The tournament has seen some enthralling matches take place. Here are just a selection.
Six Nations Greatest Matches
What are the greatest matches to take place during the Six Nations? There have been titanic matchups, Grand Slam deciders and absolute try-fests to choose from and in this piece we have made our selections for the greatest Six Nations matches ever. Are there any we have missed? Do not hesitate to let us know via our social media channels.
Six Nations Greatest Matches
Heading into the final match of the 2009 tournament, Ireland were the side going for the Grand Slam but their task was difficult as they headed to Cardiff. It proved to be a close and physical contest as Wales continued to rack up points thanks to the boot of Stephen Jones, whereas Ireland had to rely on the genius of Brian O’Driscoll and a brilliant try by Tommy Bowe. Into the final stages of the match Jones again used his boot to knock over a drop-goal with little time remaining, and yet with a couple of minutes to go, Ronan O’Gara did the same to give the Irish a 17-15 lead.
Unbelievably the Welsh were awarded a penalty just inside the Irish half which Jones left just short. The final-whistle blown and the Irish had a famous win and their first Grand Slam since 1948.
Stephen Jones was once again involved in the 2005 matchup with the French. Les Bleus has surged to a 15-6 lead going into half-time but a Martyn Williams double inside the first five minutes of the second-half got the Welsh back in the match. From that point Jones and Dimitri Yachvili shared points from the boot before Jones knocked over a drop-goal with five minutes to go. Of course the Welsh would go on to win their first Grand Slam since 1978 a few weeks later.
In the very first mach of the 2000 Six Nations, and Italy’s first contest in the competition, Italy pulled off a stunning victory over Scotland in Rome, largely thanks to the boot of Diego Dominguez. In all he collected 29 points on that day – six penalties, three drop-goals and one conversion.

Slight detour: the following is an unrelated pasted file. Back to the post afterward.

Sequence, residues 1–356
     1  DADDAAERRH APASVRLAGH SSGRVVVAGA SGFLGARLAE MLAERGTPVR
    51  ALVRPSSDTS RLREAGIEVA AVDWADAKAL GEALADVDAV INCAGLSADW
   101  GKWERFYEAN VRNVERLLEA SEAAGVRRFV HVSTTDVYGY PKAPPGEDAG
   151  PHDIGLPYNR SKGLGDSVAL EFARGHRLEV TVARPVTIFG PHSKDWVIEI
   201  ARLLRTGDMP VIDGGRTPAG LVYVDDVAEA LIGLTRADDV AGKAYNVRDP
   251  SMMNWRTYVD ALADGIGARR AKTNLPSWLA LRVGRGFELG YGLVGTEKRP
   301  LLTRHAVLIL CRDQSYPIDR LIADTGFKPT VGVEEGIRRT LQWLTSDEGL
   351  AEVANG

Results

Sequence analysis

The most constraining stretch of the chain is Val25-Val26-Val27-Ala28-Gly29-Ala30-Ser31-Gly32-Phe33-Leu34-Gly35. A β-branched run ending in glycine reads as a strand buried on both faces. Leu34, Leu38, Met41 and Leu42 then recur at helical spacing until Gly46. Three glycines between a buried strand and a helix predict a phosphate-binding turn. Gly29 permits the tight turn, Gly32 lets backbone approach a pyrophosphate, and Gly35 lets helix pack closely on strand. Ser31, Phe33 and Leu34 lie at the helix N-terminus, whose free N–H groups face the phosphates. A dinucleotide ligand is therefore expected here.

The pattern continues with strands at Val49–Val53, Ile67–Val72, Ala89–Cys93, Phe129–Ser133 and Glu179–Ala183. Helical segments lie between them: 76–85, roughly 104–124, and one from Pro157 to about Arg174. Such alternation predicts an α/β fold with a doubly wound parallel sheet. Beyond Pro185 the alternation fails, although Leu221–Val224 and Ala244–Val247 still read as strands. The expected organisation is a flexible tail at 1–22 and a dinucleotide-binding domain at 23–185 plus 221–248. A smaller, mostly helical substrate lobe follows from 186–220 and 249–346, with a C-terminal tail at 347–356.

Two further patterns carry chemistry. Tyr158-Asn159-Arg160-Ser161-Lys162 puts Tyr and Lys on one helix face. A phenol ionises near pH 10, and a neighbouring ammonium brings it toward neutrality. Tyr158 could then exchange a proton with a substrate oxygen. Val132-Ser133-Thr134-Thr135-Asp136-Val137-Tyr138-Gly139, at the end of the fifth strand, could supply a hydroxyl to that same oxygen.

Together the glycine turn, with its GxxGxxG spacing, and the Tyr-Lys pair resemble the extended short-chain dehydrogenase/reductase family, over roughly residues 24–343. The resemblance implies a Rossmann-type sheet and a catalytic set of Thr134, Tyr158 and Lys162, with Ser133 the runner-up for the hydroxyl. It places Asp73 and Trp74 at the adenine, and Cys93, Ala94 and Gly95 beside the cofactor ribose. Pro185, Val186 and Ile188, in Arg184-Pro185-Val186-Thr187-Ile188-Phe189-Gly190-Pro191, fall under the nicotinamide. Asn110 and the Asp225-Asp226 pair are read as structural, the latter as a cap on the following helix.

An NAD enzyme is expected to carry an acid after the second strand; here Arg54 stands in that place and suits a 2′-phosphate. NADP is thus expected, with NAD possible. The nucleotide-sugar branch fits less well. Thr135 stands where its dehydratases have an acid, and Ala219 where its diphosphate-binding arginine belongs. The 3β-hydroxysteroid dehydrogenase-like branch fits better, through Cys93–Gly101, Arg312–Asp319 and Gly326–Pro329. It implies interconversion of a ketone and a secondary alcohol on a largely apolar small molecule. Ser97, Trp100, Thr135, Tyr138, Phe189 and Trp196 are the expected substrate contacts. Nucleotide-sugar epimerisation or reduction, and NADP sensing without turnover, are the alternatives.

Thanks to a couple of tries and the kicking of Chris Paterson and Dan Parks, it looked as if Scotland had secured a shocking victory at the Millennium Stadium. However the Welsh had different ideas heading into the final 5 minutes. In that small amount of time, Leigh Halfpenny scored a try, Stephen Jones knocked over a penalty and then Shane Williams scored the winning try in front of a raucous crowd in Cardiff.
In both the 2000 and 2001 Six Nations Championships, England had been denied Grand Slams after losing to the Scottish and Irish in the final matches of each tournament. However in 2003, they were not to be denied as captain Martin Johnson set the tone before a tackle was made. Usually the Irish lined up on the left hand side because it was said to be their ‘lucky side’, and yet Johnson and the England team lined up there. When asked to move, Johnson rejected the request. This also caused controversy because the President of Ireland had to walk on the pitch and not the red-carpet.
Indeed none of this misguided England’s intentions for the match as they totally destroyed the Irish 42-6 with Jonny Wilkinson in particular in imperious form. England had secured the Grand Slam and would go on to win the Rugby World Cup in Australia later that year.
Facing a 12-point deficit, the Italians bid farewell to the Stadio Flaminio in perfect fashion coming back to shock the French by one-point. The accurate kicking of Mirco Bergamasco proved to be the difference on that day.
Earlier in the day Wales and Ireland both been victorious in their matches which left England with the task of having to beat France by 26 points to seal the title.
At one point this looked totally improbable, France were winning 15-7, but England came back to win by 55-35 points in a pulsating affair. 12 tries were scored during the match and this was the most points England had ever scored against France. However it proved to be six points short as Ireland were champions.